Theater Review: Clapp, Frost Are a Natural Pair

Valley News Staff Writer
Wednesday, October 11, 2017

Up in this neck of the woods, Robert Frost needs little, if any, introduction. Still, in his countless public appearances, he tended to introduce himself anyway — with the kinds of meandering, dryly humorous musings that A.M. Dolan incorporated into the play Robert Frost: This Verse Business, a one-act portrait of the celebrated New England poet that draws directly from his lectures, poems and letters.

This primary source material dovetails seamlessly with the down-to-earth delivery of the play’s only actor, the Emmy-winning, Tony-nominated Gordon Clapp, best known for his 12 seasons on NYPD Blue, in Northern Stage’s production of This Verse Business, cleverly directed by Gus Kaikkonen.

Because the play is in part a nod to the decades Frost spent “barding” himself into the hearts and minds of the American public, it begins by portraying Frost as a public persona: standing behind a dais, sipping a glass of water, giving what seems to be one of his famously winding preambles to his readings. In this one, he extols the intrinsic value of poetry and the arts, while also breaking down this value into its constituent parts. Mostly, in his case, couplets — or at the very least, iambic meter.

“What is poetry?” he muses. “It is a use of metaphors, much like Einstein used science, to explain our humanity.” Later on, he answers his own question another way, arguing that a good poem is simply “a lot of lines that you can’t get out of your head after you hear them.”

As a native New Englander himself, and long-time admirer of Frost’s work, Clapp slips comfortably into Frost’s shoes. He wears the poet’s folksy-meets-philosophical mannerisms like a second skin, and captures, as did Frost’s life and letters, part of what it means to be a New Englander: a tendency to self-deprecate, and to dress in layers, and to wander the woods deep in thought.

Above all, Clapp brings Frost’s meditations to life with a healthy dose of mischief, capturing Frost as a man who delighted in the ambiguity of poems and how to interpret them. He admits to being nonplussed at times by the fusty conventions of academia, and points to how over-analyzing poetry takes all the fun out of it. One of the most common questions he’s gotten in response to his poems is: “Is this metaphysical?”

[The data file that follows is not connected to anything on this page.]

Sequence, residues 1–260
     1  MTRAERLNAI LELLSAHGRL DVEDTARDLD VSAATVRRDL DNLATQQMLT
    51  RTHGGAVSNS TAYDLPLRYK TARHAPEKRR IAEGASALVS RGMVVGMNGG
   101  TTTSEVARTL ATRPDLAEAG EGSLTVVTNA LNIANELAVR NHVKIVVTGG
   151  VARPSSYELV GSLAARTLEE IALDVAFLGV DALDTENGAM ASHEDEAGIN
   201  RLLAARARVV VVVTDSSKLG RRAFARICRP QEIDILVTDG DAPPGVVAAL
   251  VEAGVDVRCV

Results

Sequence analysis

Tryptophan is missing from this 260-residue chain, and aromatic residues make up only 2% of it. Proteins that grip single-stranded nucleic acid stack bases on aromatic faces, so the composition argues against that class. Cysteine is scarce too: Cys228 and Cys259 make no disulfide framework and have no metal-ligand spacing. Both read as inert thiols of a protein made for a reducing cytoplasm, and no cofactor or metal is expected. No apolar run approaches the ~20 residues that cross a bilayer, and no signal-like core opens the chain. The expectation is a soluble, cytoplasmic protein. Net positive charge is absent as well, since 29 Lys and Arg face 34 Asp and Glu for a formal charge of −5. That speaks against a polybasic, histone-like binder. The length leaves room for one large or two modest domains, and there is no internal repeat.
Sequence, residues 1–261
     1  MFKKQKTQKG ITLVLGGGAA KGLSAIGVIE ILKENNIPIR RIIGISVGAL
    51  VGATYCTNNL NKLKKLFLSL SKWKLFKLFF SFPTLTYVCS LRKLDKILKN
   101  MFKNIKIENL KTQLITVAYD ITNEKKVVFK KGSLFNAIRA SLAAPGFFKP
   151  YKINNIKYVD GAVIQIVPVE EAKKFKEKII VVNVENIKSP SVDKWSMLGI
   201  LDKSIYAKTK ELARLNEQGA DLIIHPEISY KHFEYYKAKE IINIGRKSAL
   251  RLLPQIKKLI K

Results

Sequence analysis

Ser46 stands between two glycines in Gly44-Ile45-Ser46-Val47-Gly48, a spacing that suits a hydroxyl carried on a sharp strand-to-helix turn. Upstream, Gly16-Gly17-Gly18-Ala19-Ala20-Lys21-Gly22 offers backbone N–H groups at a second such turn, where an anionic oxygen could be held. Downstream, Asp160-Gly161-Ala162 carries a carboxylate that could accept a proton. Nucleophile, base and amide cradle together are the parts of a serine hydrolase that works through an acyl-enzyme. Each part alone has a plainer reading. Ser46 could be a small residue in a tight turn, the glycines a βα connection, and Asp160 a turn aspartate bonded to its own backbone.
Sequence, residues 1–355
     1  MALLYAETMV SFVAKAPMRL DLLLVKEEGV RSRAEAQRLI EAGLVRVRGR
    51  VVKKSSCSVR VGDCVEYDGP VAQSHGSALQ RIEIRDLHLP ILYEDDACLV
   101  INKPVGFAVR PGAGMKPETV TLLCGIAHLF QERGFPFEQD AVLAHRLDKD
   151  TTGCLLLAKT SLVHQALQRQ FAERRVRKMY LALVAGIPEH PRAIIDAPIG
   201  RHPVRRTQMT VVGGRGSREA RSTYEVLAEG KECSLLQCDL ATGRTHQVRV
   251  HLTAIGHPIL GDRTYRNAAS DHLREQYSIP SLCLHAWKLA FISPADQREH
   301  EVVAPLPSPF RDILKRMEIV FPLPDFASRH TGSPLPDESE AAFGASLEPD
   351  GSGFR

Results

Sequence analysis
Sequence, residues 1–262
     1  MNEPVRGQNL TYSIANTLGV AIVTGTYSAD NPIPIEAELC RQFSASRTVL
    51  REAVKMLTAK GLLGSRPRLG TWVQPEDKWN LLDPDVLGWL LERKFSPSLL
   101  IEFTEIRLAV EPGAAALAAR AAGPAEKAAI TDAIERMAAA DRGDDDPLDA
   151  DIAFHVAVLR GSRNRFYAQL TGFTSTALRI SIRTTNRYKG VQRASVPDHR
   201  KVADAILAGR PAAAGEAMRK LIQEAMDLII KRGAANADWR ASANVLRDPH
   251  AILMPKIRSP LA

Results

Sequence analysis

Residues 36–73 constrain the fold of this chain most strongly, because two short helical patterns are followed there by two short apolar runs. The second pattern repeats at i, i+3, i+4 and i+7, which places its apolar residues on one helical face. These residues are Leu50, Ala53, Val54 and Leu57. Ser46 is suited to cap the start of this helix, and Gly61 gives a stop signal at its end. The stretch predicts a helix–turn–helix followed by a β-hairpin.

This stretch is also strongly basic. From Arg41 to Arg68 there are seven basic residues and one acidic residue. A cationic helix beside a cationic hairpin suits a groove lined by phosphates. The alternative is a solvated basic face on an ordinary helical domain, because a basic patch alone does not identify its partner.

“And I say, ‘ye-e-es!’ ” Clapp mimics himself drawing out his answer in a near-falsetto, affecting a hint of a Boston Brahmin accent — a very fancy “yes” indeed. But then, in the next breath, he flashes a sly grin and admits he only gives this answer about “50 percent of the time.”

Norwich native Alexander Woodward nails the set design, which is much like Frost’s poetry in that it lacks frills but evokes all that it needs to. This sensibility is most striking in the second portion of the show, which seamlessly shifts gears from Frost-the-persona to Frost-the-person. Instead of a dais, a rocking chair sits in front of a row of (what else?) bowed birches, their peeling bark all silvery under the stage lights, a subtle touch by lighting director Tyler M. Perry. The backdrop is a broad mountain view that reddens, then purples with twilight, fading closer and closer to black as the play, and Frost, winds down for the night. A few miniature houses dot the very edges of the stage, windows twinkling with the suggestion of distant neighbors going about their own bucolic lives.

The absence of walls makes Frost’s interior life seem continuous with those elements of nature that he spun into poems again and again: trees, snow, what sundown does to the world. Here, he changes from loafers to sneakers, shows us how he writes without a desk and dispenses more personal details of his family life, such as a globe-trotting daughter and a son lost to suicide, as well as his wry observations about those he calls “radicals” and “conservatives.”

The only aspect of Dolan’s script that disappoints is the final line. There’s no need to spoil it by stating it, but suffice it to say, it might be the most predictable possible line with which to end a play about Frost. It’s not inappropriate, given how powerfully that line has seeped into Frost’s legacy, but on the other hand, it’s a rather unsurprising way to polish off a portrait of a man who, we have spent the last 85 minutes learning, enjoyed being full of surprises.

Clapp’s warm, witty performance will endear the play to New Englanders, especially in Vermont and New Hampshire, who regard Frost as an inalienable part of the region’s identity; on opening night, frequent ahhhs of recognition rose up from the audience whenever Clapp recited or alluded to one of Frost’s works.

But it may be even better suited to audiences who haven’t been indoctrinated into the Frost fan club. Most of the poems in This Verse Business are among Frost’s best known — The Road Less Taken, Stopping by Woods on a Snowy Evening, Mending Wall and the like; Clapp’s reading of The Death of the Hired Man is especially moving. Because Dolan so nicely contextualizes Frost’s quintessential work with his persona as a rascal who happens to be an intellectual, This Verse Business would be an excellent way to introduce someone to New England’s most beloved poet, and they would be lucky for such an entertaining introduction.

For some, Clapp’s performance could make all the difference.

Northern Stage’s production of Robert Frost: This Verse Business runs through Oct. 28 as part of a rotating repertory with Henrik Ibsen’s A Doll’s House. For tickets ($15-60) or for more information contact the box office at 802-296-7000 or boxoffice@northernstage.org.

EmmaJean Holley can be reached at ejholley@vnews.com or 603-727-3216.